Summer drought impacts fruit crops

By: Anna Carrera Email
By: Anna Carrera Email

This summer's drought has made an impact on many area crops, adding unexpected flavors to the early harvest.

The Kinzie family is going home with a trunk full of apples from the Tree-mendous Fruit Farm in Eau Claire, Michigan. Even though the Kinzies are happy with their fresh fruit, it isn't exactly what they had in mind.

"We came to pick peaches and we ended up picking apples," said Jeanine Kinzie. "It really worked out great but we thought we were at the tail end of peach season and it's over."

Farmers blame the early frost and this summer's drought for stunting the growth of their precious produce. They call the smaller peaches -- "button peaches." They are about a quarter of the size of a healthy fruit.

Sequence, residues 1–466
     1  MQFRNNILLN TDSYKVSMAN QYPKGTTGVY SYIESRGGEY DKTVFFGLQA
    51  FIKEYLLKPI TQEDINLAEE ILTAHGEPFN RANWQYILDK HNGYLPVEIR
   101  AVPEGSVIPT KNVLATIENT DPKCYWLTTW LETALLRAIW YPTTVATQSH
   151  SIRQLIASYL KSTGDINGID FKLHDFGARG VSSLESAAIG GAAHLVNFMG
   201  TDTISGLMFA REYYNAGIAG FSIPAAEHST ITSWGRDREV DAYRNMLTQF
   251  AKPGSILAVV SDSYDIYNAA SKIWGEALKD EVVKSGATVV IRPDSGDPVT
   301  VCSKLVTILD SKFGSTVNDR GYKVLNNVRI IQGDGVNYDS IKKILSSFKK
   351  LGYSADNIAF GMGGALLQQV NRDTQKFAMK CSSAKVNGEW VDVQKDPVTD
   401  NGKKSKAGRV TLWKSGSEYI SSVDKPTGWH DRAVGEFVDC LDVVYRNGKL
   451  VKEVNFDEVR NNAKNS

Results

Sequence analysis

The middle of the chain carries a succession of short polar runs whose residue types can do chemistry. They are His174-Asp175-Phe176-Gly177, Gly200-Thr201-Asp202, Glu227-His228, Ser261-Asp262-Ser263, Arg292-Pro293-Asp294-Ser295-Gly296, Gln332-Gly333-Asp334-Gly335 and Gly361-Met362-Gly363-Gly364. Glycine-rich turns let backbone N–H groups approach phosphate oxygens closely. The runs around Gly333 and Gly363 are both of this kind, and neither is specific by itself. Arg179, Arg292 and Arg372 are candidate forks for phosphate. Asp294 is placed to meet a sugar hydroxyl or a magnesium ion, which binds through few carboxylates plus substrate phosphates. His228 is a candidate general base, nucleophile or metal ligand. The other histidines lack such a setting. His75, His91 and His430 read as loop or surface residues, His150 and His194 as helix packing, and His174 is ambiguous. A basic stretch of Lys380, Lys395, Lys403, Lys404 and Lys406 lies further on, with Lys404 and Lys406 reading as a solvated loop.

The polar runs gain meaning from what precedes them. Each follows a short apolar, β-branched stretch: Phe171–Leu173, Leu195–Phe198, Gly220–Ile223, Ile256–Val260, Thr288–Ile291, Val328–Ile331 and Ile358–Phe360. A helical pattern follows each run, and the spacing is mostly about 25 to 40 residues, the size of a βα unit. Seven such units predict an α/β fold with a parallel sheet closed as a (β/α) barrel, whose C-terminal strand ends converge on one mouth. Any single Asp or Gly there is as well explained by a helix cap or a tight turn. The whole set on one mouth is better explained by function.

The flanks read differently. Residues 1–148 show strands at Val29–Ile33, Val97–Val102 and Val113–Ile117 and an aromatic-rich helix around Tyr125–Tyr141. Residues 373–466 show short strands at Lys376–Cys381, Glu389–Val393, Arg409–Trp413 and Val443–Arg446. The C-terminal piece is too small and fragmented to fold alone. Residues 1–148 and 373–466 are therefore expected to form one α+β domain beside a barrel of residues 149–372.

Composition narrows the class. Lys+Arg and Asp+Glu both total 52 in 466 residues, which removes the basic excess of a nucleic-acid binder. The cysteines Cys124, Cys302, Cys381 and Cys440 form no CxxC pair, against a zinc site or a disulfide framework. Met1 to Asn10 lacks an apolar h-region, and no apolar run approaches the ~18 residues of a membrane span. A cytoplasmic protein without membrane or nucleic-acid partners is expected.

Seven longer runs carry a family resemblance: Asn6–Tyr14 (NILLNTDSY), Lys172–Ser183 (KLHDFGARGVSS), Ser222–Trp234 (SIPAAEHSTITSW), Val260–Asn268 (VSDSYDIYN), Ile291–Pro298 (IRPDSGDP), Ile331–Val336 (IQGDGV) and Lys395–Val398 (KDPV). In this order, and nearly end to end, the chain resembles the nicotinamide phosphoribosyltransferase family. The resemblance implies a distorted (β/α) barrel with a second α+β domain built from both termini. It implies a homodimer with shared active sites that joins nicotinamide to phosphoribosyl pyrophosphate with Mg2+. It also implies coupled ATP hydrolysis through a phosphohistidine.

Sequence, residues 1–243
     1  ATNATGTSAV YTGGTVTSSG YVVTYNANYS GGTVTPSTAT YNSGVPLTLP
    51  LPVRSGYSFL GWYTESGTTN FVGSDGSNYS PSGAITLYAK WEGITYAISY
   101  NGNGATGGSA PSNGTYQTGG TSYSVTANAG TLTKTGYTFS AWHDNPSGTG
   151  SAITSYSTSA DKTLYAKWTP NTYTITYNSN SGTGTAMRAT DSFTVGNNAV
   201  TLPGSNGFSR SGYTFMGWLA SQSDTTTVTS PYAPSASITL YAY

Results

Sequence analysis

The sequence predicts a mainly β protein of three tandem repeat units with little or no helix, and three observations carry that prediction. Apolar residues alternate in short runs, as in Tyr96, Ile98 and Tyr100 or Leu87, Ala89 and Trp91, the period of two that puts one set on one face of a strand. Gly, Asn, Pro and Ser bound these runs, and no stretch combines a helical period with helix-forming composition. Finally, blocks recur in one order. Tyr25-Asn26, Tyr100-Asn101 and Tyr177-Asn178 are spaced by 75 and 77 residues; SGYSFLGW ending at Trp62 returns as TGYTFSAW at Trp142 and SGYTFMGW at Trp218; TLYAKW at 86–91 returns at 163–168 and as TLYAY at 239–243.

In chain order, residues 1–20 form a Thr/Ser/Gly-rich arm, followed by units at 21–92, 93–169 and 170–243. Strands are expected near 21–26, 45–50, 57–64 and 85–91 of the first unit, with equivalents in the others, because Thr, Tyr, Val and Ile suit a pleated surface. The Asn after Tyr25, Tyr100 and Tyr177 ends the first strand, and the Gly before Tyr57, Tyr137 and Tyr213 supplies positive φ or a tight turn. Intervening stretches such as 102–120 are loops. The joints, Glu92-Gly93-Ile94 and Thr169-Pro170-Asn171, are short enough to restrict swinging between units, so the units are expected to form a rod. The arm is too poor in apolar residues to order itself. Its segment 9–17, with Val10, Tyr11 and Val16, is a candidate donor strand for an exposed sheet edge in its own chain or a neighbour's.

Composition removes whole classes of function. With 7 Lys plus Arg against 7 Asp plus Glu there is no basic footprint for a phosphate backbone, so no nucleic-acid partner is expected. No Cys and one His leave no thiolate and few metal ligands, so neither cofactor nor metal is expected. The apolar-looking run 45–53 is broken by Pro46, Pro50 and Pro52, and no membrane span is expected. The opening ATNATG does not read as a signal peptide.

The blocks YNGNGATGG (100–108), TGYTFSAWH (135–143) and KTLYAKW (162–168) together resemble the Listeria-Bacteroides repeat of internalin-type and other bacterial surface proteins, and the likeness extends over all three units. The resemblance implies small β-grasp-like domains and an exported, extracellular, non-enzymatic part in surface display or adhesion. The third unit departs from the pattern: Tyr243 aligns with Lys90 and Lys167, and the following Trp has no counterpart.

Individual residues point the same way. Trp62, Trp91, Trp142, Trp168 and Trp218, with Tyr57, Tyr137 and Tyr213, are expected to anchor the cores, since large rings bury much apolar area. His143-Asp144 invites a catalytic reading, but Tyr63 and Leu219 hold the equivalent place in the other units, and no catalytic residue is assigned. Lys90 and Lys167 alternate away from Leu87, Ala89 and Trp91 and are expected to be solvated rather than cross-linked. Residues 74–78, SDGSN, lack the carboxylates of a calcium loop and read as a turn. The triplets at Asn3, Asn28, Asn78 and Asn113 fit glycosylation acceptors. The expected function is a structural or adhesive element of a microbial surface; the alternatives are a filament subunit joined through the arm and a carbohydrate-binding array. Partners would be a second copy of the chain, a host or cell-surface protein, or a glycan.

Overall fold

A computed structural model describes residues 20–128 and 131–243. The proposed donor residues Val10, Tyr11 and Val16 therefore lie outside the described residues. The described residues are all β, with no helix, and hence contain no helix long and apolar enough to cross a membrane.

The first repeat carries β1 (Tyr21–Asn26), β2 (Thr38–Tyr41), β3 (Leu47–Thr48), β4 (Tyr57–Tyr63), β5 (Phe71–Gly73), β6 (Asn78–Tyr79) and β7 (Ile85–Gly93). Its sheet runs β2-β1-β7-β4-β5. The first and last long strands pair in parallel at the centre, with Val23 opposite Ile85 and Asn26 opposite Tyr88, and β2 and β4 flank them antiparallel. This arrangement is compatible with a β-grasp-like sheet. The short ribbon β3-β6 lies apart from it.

"If you were a little bud on the peach tree and you got slapped too many times, you'd say, to heck with it. I'll wait for next year," said Herb Teichman, who owns the Tree-mendous Fruit Farm.

Teichman said the pint-sized peaches pack a flavorful punch and are even tastier than the traditional types.

The peach season will be wrapping up this weekend. And if you want apples, many of them are already ready. Like many fruits this summer, apples will be ready three or four weeks earlier than usual.

If you look closely at the plants, Teichman said you can see damage that could affect next year's crop. But that won't stop families from frequenting farms to get a taste of the freshest fruit Michiana has to offer.

"They said try it, eat it. If it's sweet, take it and if it's not ready, no problem," said Kinzie.


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